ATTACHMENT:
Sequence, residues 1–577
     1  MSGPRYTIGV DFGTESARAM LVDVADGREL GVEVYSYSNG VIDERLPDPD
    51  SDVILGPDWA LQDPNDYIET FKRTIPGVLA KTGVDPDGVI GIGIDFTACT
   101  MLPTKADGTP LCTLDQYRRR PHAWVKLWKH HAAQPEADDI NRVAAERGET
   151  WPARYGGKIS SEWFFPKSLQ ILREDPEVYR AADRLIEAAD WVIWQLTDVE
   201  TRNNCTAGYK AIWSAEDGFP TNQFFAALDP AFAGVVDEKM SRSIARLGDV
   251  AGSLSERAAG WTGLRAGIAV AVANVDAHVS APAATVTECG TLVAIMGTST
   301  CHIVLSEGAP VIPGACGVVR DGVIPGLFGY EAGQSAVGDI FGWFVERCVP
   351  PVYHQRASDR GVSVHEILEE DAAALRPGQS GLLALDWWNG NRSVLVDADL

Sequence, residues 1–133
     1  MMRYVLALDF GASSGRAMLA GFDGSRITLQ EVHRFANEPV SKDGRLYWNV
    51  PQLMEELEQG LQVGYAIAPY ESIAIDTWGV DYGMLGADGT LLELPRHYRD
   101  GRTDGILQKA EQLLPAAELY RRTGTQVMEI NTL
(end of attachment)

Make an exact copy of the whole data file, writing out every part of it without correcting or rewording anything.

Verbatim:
Sequence, residues 1–577
     1  MSGPRYTIGV DFGTESARAM LVDVADGREL GVEVYSYSNG VIDERLPDPD
    51  SDVILGPDWA LQDPNDYIET FKRTIPGVLA KTGVDPDGVI GIGIDFTACT
   101  MLPTKADGTP LCTLDQYRRR PHAWVKLWKH HAAQPEADDI NRVAAERGET
   151  WPARYGGKIS SEWFFPKSLQ ILREDPEVYR AADRLIEAAD WVIWQLTDVE
   201  TRNNCTAGYK AIWSAEDGFP TNQFFAALDP AFAGVVDEKM SRSIARLGDV
   251  AGSLSERAAG WTGLRAGIAV AVANVDAHVS APAATVTECG TLVAIMGTST
   301  CHIVLSEGAP VIPGACGVVR DGVIPGLFGY EAGQSAVGDI FGWFVERCVP
   351  PVYHQRASDR GVSVHEILEE DAAALRPGQS GLLALDWWNG NRSVLVDADL

Sequence, residues 1–133
     1  MMRYVLALDF GASSGRAMLA GFDGSRITLQ EVHRFANEPV SKDGRLYWNV
    51  PQLMEELEQG LQVGYAIAPY ESIAIDTWGV DYGMLGADGT LLELPRHYRD
   101  GRTDGILQKA EQLLPAAELY RRTGTQVMEI NTL